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Research projects

The role of short-chain dehydrogenases/reductases in development and stress tolerance

About this project

Project information

Project status

In progress

Contact

Åke Strid

Research subject

Research environments

The expression of the genes for the tetrameric Short-chain Alcohol Dehydrogenase-like proteins (SAD proteins) in plants, which were discovered by our research group about 15 years ago, increases dramatically by low intensity ultraviolet-B (UV-B) radiation (280–315 nm) and by a number of other abiotic stresses, both in leaf epidermal and mesophyll cells. UV-B treatment also leads to an increase in SAD protein content. The SADs belong to the short-chain dehydrogenase/reductase (SDR) superfamily of proteins, which is one of the largest known protein families and comprises thousands of members found in species ranging from bacteria to humans.

The physiological substrates of the SAD proteins have remained elusive but the SAD-C enzyme has been shown to reduce (non-physiological) one- or two-ring-membered quinones lacking long hydrophobic hydrocarbon tails. Immunohistochemical staining using a specific antiserum against the protein showed that high local concentrations of SAD are present in the protoderm of the seed cotyledonary axis in pea plants. Also, rows of cells in the ovary and the placental surface facing the ovule exhibited considerable SAD staining. Therefore, the different localization patterns of SAD, under normal conditions and under stress, suggest functions both in development and in responses to environmental stimuli.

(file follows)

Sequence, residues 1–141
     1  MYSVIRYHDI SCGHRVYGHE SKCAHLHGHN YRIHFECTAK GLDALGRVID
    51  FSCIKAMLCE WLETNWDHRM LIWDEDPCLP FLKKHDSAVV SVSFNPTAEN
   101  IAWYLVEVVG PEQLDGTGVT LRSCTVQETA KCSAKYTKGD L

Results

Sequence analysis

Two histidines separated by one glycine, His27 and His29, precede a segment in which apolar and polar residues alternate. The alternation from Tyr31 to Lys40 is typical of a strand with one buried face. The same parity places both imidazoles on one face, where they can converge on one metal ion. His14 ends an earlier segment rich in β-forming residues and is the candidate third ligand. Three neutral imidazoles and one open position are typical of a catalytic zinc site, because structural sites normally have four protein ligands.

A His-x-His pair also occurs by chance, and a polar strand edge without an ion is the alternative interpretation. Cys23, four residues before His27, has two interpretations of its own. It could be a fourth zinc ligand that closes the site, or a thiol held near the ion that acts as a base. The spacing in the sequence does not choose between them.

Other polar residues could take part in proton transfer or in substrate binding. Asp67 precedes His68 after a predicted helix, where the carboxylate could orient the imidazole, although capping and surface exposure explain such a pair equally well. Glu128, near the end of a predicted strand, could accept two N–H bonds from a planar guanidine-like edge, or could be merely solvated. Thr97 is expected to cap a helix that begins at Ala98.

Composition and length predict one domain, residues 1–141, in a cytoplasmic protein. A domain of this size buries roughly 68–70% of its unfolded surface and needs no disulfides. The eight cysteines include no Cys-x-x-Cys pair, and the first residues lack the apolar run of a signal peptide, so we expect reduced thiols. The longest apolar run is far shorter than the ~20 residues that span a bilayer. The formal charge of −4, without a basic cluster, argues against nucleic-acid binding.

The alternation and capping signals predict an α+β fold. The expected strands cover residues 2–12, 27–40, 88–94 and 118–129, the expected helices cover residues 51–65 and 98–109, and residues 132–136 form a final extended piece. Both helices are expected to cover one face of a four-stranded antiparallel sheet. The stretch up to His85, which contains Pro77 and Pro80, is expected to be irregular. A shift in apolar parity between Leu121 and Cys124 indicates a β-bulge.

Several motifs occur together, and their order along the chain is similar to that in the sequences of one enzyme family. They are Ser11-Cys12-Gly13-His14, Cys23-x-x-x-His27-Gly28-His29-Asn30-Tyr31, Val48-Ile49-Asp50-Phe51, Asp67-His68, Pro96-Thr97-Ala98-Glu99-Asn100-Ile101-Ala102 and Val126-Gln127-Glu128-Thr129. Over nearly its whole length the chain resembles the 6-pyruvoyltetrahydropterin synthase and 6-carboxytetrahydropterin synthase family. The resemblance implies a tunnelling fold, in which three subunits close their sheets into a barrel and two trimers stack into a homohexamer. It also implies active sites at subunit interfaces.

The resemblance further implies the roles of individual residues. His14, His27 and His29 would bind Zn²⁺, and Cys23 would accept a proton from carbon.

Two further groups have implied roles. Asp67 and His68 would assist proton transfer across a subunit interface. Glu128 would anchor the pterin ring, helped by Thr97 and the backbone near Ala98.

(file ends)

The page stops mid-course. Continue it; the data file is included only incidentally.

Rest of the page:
At present, our efforts are concentrated to two biochemical issues of the SAD proteins:

  1. Determination of the three-dimensional structure of the SAD proteins by X-ray crystallography and NMR for later elucidation of the reaction mechanism of the chemical reaction that the SADs catalyze.
  2. Determination of the physiological substrate for SAD proteins in plants and their role in stress and development.

This project is also connected to the project: "Ultraviolet radiation as an environmental stimuli in biological systems: perception, signalling, molecular responses and morphogenesis".

Read about the project Ultraviolet radiation as an environmental stimuli in biological systems: perception, signalling, molecular responses and morphogenesis.

Selected publications

Scherbak, N., Ala-Häiväla, A., Böwer, N., Strid, H., Grahn, E., Brosché, M., Eriksson, L.A., Gittins, J.R. & Strid, Å. (2011) The pea SAD short chain dehydrogenase/reductase: quinone reduction, tissue distribution, and heterologous expression. Plant Physiol. 155, 1839-1850.

Scherbak, N., Ala-Häivälä, A., Strid, H., Brosché, M., Öhrfelt, A., Nilsson, F. & Strid, Å. (2009) Expression of Pisum sativum SAD polypeptides in production hosts and in planta: tetrameric organization of the protein. Prot. Expr. Purif. 63, 18–25.

Gittins, J.R., Schuler, M.A. & Strid, Å. (2002) Identification of a novel nuclear factor-binding site in the Pisum sativum sad gene promoters. Biochim. Biophys. Acta 1574, 231-244.

Kalbin, G., Hidema, J., Brosché, M., Kumagai, T., Bornman, J.F. & Strid Å. (2001) UV-B-induced DNA damage and expression of defence genes under UV-B stress: tissue-specific molecular marker analysis in leaves. Plant Cell Environ. 24, 983-990.

Brosché, M. & Strid, Å. (1999) Cloning, expression and molecular characterisation of a stress-regulated cDNA encoding a short chain alcohol dehydrogenase. Plant Physiol. 121, 479-487.

Research teams

Research funding bodies

  • Örebro University

Collaborators